We would like to thank Philipp Niemann (National Institute for Science Communication) and Markus Weißkopf (Wissenschaft im Dialog) for their valuable comments on a draft version of our manuscript. Further thanks go to our reviewers and our editor whose ideas have increased the value of the contribution immensely. We would also like to thank the practitioners and the funders in our workshops and roundtables for the insightful conversations about their experiences in evaluation, as well as the researchers in the field of science communication for the inspiring discussions that contributed to our work.
1. ^The initiative's focus lies mainly on science communication as institutional communication of scientific organizations and research institutes, targeting publics outside of academia directly, therefore excluding science journalism. This is a pragmatic choice and does not deny the multifaceted nature of science communication taking place in different societal settings.
2. ^The details of the survey, including data collection instruments and ethical procedures, are available in the public report (Impact Unit, 2019). The dataset is available on Zenodo: https://doi.org/10.5281/zenodo.4608091.
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Keywords: science communication, public communication of science and technology, evaluation, impact, impact of science communication, evaluation of science communication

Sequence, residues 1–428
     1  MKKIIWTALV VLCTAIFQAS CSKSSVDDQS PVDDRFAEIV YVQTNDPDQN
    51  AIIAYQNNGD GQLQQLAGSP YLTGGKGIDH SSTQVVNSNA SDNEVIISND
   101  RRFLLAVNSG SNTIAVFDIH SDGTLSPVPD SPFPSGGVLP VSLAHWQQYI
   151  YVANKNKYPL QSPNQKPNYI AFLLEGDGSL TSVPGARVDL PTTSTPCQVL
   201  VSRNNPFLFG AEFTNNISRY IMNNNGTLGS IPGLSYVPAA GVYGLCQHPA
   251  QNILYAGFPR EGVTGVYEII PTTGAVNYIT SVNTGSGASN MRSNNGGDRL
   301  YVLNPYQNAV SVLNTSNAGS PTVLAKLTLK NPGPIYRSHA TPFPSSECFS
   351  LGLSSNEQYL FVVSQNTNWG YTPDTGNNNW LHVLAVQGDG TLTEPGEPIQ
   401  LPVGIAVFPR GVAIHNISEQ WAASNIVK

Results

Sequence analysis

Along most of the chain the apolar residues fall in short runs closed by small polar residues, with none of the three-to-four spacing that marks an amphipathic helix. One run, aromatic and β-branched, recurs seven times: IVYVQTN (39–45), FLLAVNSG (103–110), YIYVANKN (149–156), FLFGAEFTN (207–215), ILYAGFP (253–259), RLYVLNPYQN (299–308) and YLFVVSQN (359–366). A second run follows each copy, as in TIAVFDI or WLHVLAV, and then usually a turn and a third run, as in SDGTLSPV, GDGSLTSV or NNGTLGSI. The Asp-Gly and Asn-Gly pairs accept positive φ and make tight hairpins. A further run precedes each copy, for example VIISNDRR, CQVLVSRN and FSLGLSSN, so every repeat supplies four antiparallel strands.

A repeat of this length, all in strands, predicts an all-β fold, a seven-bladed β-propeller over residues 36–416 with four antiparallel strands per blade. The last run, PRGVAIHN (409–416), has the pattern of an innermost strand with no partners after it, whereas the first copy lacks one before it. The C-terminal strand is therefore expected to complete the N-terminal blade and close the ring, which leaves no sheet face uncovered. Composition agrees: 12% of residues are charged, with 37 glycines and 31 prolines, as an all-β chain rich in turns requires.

Citation: Ziegler R, Hedder IR and Fischer L (2021) Evaluation of Science Communication: Current Practices, Challenges, and Future Implications. Front. Commun. 6:669744. doi: 10.3389/fcomm.2021.669744
Received: 19 February 2021; Accepted: 07 April 2021;
Published: 07 May 2021.
Edited by:Eric A. Jensen, International Consortium of Research Staff Associations (ICoRSA), Ireland
Reviewed by:Richard Stoffle, University of Arizona, United States
John Christopher Besley, Michigan State University, United States
Copyright © 2021 Ziegler, Hedder and Fischer. This is an open-access article distributed under the terms of the Creative Commons Attribution License (CC BY). The use, distribution or reproduction in other forums is permitted, provided the original author(s) and the copyright owner(s) are credited and that the original publication in this journal is cited, in accordance with accepted academic practice. No use, distribution or reproduction is permitted which does not comply with these terms.
*Correspondence: Ricarda Ziegler, email@example.com